KWAME HOLMAN: Mark Levy said the answers lawyers give to the impact questions help the justices choose which issues to focus on when writing their opinions.
MARK LEVY: On the issues they decide, do they decide them broadly, to try and anticipate more cases for the future? Do they decide it narrowly, more limited to the particular circumstances of this case? Do they relate this case to other areas of the law that are relevant but not directly implicated?
All of that is completely in the control and discretion of the justices, and that's really the place where I think the oral argument has the most effect. It does very much influence the kind of an opinion the court ends up writing in the case.
Justice Scalia's candor
KWAME HOLMAN: Justice Antonin Scalia made clear during the Seattle school argument that, in his mind, it was an affirmative action case, where qualified white students were being left at a disadvantage. After 22 years on the court, Scalia typically does not hide his point of view.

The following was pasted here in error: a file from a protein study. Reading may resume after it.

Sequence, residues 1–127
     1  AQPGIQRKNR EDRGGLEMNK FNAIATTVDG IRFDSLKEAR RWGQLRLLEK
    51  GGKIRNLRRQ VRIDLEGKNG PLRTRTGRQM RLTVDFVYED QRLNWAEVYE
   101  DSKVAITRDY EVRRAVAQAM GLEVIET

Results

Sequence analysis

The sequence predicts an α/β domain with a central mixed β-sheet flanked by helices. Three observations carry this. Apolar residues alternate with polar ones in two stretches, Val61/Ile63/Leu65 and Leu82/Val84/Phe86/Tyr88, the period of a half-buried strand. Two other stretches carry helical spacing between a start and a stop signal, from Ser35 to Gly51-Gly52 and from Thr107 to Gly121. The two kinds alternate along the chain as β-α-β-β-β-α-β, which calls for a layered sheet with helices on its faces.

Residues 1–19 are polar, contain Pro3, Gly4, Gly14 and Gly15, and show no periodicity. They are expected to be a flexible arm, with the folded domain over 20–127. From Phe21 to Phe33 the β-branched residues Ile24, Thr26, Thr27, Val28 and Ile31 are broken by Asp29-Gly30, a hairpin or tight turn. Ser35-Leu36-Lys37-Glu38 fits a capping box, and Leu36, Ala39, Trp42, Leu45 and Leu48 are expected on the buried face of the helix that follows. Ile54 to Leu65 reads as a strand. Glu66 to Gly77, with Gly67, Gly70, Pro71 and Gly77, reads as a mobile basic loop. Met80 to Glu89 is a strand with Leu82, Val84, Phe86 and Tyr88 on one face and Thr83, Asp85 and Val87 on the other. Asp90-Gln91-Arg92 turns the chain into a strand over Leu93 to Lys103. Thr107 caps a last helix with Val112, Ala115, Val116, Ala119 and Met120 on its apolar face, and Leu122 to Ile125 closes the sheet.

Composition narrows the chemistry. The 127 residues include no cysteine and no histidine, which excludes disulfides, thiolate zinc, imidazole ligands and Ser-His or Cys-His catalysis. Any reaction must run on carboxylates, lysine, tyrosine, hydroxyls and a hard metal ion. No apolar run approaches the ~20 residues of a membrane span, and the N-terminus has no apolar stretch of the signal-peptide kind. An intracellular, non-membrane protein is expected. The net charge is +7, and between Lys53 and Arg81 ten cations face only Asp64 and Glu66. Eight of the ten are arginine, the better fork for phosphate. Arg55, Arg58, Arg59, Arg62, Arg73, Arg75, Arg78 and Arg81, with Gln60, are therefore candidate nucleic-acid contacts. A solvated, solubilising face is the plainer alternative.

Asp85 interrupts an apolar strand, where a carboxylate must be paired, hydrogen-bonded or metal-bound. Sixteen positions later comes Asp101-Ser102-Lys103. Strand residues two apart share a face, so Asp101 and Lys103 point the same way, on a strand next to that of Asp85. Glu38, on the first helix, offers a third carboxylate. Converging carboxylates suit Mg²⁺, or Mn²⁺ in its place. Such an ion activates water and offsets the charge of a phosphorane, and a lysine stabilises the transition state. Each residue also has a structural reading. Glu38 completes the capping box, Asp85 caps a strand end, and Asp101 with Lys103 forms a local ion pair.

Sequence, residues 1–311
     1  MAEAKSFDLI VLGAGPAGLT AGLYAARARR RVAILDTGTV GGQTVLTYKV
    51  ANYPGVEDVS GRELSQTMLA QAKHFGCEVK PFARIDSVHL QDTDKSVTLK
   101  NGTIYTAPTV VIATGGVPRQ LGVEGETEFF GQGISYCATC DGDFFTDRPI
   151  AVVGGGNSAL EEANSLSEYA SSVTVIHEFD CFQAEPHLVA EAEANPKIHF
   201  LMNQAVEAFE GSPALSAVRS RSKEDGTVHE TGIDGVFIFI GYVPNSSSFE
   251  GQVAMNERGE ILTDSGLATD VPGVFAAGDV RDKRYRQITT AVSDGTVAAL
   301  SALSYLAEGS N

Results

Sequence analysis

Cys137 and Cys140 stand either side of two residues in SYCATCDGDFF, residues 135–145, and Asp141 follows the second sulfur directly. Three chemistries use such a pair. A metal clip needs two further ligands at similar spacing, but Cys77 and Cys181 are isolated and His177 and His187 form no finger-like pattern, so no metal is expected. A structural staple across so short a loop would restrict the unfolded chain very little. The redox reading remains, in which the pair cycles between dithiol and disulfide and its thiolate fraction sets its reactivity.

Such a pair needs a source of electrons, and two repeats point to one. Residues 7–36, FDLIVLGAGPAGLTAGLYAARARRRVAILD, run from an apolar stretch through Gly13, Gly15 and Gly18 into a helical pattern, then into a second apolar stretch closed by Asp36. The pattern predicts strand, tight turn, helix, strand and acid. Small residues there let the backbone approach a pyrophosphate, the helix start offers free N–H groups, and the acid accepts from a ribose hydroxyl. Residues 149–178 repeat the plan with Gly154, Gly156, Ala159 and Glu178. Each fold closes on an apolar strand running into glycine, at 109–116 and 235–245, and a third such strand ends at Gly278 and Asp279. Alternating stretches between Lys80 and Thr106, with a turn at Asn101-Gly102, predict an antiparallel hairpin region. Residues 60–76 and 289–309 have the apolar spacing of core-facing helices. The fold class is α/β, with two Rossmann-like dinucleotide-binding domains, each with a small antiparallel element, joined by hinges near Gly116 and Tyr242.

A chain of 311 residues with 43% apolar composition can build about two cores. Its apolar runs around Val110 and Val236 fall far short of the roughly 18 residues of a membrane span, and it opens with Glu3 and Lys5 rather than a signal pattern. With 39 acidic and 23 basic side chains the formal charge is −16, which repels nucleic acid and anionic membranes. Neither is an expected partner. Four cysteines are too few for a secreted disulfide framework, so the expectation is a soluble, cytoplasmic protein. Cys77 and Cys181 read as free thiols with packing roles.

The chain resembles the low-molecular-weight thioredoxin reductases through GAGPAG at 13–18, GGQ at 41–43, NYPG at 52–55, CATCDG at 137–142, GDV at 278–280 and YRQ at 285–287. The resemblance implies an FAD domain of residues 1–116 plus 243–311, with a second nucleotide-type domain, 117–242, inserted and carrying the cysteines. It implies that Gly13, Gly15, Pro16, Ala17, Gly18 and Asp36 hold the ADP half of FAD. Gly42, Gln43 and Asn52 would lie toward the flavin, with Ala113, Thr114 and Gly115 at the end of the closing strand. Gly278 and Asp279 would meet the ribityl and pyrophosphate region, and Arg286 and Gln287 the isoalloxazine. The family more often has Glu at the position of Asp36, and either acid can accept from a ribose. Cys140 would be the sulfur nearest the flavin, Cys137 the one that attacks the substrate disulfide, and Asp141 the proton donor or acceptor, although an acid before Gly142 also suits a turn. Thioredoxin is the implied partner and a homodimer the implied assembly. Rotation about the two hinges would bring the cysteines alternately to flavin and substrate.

JUSTICE ANTONIN SCALIA: Why do you agree that this is not an affirmative action case? Is it not -- wherein does it differ?
MARCIA COYLE: Unlike some of the justices, he doesn't play devil's advocate very often on the bench, posing hypotheticals for one side and then for another side. He pretty much says what he thinks.
MARK LEVY: He's not hiding the ball when he asks you a question.
JUSTICE ANTONIN SCALIA: I thought that the school district was selecting some people because they wanted a certain racial mix in the schools and were taking the affirmative action of giving a preference to students of a certain race. Why doesn't that qualify as affirmative action?